Pardon me while I decry the abundance of comparisons of mystery books set in Africa to Alexander McCall Smith's No. 1 Ladies' Detective Agency series. I especially think it's misleading when the book's tone may be similar but the subject matter and intensity is radically different. (Having said that, I must admit to having recently used that comparison for my review of The Second Death of Good Luck Tinubu!)
Kwei Quartey's wonderful Wife of the Gods has a similar tone; that is, there is an underlying cultural civility expressed when people meet each other. Whether it is "Dumela, Mma" or "Woizo, woizo," as in this book set in Ghana, there is a shared ritual politeness and propriety that belies the very different nature of the books. Wife of the Gods is NOT The No. 1 Ladies' Detective Agency, not by a long shot.
Detective Inspector Darko Dawson loves his family and enjoys his job in the big city of Accra. There was tragedy in his young life when his brother was injured in an accident and his mother disappeared. The grown-up Darko has anger management issues and an intolerance for the Ghanian equivalent of snake-oil salesmen, people who traffic in superstitions and ritualistic fetishism. He also enjoys a toke of the weed every so often, weed obtained from a man whom Darko arrested once upon a time. Darko is a contradictory mix of principles, but he vehemently adheres to those principles.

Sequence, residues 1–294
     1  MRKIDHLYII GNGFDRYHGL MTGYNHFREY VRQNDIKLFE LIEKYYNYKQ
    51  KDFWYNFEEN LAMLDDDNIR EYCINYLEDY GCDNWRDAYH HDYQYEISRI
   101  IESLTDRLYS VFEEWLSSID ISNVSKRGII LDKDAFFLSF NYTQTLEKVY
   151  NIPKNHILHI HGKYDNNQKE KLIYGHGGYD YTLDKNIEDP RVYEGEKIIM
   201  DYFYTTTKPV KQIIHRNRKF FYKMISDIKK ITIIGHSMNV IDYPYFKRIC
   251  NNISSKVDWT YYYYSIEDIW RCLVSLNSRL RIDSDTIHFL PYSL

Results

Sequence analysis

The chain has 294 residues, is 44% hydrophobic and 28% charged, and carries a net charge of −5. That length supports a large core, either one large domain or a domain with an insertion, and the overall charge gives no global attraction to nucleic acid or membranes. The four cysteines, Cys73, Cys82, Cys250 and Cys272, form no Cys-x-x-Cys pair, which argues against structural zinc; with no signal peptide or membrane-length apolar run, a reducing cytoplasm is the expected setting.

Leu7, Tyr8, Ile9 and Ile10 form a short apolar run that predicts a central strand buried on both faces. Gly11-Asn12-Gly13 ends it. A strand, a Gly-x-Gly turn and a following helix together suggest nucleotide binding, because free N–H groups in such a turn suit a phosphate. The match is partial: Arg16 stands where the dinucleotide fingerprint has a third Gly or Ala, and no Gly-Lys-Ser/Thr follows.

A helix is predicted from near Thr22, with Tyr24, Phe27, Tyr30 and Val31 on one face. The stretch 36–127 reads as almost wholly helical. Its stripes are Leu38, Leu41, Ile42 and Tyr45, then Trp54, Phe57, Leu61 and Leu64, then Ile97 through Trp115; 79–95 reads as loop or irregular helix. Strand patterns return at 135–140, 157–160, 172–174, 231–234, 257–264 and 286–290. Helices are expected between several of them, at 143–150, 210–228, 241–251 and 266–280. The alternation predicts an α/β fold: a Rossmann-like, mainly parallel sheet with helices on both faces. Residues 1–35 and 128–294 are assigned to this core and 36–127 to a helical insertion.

Darko is sent on a case to the village of Ketanu, a place with which he is familiar from his youth. Long ago he accompanied his mother and brother on a visit to his mother's sister, Osewa, who lives there, and he remembers Osewa fondly. However, Darko's mother disappeared after a visit to Osewa and was never found. It is with joy and trepidation, therefore, that Darko re-enters Ketanu.
A young woman, Gladys, has been found murdered, lying in a plantain grove. She was not just any young woman. She was the hope of Ketanu, a young medical student who was trying to stem the tide of AIDS and to save women bound into virtual slavery by an old-time system of oblation to the village fetish priest. Darko's own dander rises when he meets the drunken, abusive priest as part of his investigation. The village healer fares no better under Darko's glare when he learns the healer was one of the last people to see Gladys alive. Then there's the young infatuated man who allegedly stalked Gladys and the alleged village witch, who happens to be Gladys' aunt. What about Gladys' boss, a seemingly shifty person whom Darko senses is lying. And how does he sense the boss is lying? He has a mild form of synesthesia, a mixing up of the senses.
Synesthesia has been used, in my opinion, to good effect in The Fallen by T. Jefferson Parker and Still Waters by Nigel McCrery. In The Fallen, the hero sees colors and shapes when people talk. In Still Waters, the unfortunate hero tastes what people sound like. In this book, Darko feels the sound of voices. His aunt, for example, is dark velvet. This is an understated and clever addition to Darko's complex character.
Wife of the Gods deals with some very serious issues in a very serious manner. There was more violence than I had expected at first, lulled as I was initially by the "No. 1 Ladies" demeanor. And there's a whopper of a plotline resolution at the end that had me wincing. The best parts are the cultural perspective by a Ghanian writer who is now a doctor in the U.S., and Quartey's willingness to give us a flawed but principled hero.